Is it Too Late to Start Seeds?  

Posted on 09 May 2017

No, it’s not too late. You can start seeds year-round. It depends on what you would like to accomplish after planting your seeds. There is short-season gardening, hydroponic growing, indoor gardening, jump-start growing to have huge plants to transplant in spring, etc.

Pepper Seeds 

Short-Season Gardening

If it’s before mid-summer, and you want to experience growing peppers or tomatoes from seed to table, then choose short season pepper varieties like Jalapeno M, Jimmy Nardello, Hatch Green X-Hot and Bulgarian Carrot. For tomatoes choose smaller fruited varieties like Black Prince, New Yorker, Chocolate Cherry and Isis Candy.

Start your seeds in ideal conditions. You want fast germination so plants can be transplanted outside in 2-3 weeks. Soaking seeds in water might speed germination.

Try a 6 hour soak, until seeds sink to the bottom of the cup. A solution of hydrogen peroxide or weak chamomile tea may help to break down the seed coat. Use one to two teaspoons of standard 3% hydrogen peroxide per cup of warm water.

Micromanage the moisture and warmth of your seedling mix until seeds emerge.

Your tray or container should be kept moist at all times and on a seedling heat mat. Peppers love heat and germinate best at around 80 degrees. Most pepper seeds will still germinate at cooler temperatures, but they'll take longer. On a seedling heat mat, jalapeno seedlings will be ready to transplant 2 weeks after sowing. If same seeds were placed in could soil, they might not germinate for 2 weeks.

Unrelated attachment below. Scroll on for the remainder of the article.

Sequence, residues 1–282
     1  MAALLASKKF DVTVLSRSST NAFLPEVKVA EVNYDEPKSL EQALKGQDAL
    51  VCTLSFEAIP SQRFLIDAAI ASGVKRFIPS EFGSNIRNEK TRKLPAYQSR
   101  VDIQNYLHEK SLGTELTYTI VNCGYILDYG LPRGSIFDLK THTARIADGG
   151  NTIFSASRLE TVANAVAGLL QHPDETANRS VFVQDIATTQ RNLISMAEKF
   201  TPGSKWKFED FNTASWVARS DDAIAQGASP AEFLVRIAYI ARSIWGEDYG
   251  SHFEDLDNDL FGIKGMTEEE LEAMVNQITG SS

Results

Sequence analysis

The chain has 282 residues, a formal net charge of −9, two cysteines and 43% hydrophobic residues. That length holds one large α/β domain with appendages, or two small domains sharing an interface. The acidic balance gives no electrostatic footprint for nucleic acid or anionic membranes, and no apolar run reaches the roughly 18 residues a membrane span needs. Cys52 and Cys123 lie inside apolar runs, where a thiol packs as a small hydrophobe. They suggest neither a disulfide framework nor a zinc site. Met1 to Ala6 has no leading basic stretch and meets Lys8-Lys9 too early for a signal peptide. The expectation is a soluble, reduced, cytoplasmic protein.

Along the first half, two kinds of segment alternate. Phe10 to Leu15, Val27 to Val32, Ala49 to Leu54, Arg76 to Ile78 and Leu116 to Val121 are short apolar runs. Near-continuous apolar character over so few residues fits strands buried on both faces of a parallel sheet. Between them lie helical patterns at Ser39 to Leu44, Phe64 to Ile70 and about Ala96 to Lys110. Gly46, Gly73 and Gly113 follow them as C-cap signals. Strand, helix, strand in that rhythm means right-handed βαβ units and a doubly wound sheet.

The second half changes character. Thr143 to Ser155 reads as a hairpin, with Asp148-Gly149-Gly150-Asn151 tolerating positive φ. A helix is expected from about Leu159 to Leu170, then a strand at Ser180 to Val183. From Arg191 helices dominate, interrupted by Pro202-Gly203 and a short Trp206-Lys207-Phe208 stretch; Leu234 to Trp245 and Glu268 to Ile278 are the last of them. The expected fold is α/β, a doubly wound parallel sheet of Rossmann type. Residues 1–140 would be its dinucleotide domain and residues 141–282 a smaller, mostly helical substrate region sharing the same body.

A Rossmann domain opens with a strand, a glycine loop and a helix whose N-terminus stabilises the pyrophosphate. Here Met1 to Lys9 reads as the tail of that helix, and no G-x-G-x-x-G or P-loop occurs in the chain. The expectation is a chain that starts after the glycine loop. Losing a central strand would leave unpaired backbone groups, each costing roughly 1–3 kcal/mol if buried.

Lights ensure stocky seedlings.

As soon as you see the first sign of sprouting, if not before, put your seed starting tray under lights. You don't need fancy grow lights for seedlings, but they should be as close to the developing seedlings as possible. If your lights give off heat, be careful not to cook the seedlings or let them dry out.

Fertilize at first sign of sprouting. Use a diluted organic liquid fertilizer. Fertilize each week.

Harden off and transplant.  First, you need to harden your seedlings off by placing them outside a few days in dappled sunlight. Keep them in their cozy container. Be careful soil doesn’t dry out. Transplant your seedlings when they have 2 pairs of true leaves.

Forcing production in the garden.

More of everything is better. More water, more fertilizer, more sunshine. I think the best thing you can do, to ensure success, is to transplant your seedlings into some great organic soil. Your garden may be peaking with nutrients from composting and soil preparation, and that’s great. If not, fill each 1 foot x 1 foot hole you dig with moisture controlling, fertilizer releasing, bagged potting soil. Blend it into the garden soil on the bottom and sides so the roots won’t be shy about extending into your existing soil. Continue to fertilize every week, and make sure the fertilizer has low nitrogen.

When you transplant it might be a little later into spring, and the sun could be blasting your garden in the afternoons. Shade transplants from afternoon sun for a week. This doesn’t need to be fancy. Plastic stacking lawn chairs work well for plant shade.

Mulch around plants to maintain a more constant soil temperature. Water precisely so plants never stress about water availability (soggy is bad). Stake or cage your plants as needed to reduce wind stress. Hand pollinate flowers with your finger in the mornings. You may want to thin some fruit, so more plant resources go to less fruits. You will have a few less, but bigger tastier peppers and tomatoes instead of more small ones.

It’s never too late to plant seeds! Shop at sandiaseed.com for many more seed choices to get your garden growing! 

 

 

~ Patsy Coles

 

 

 

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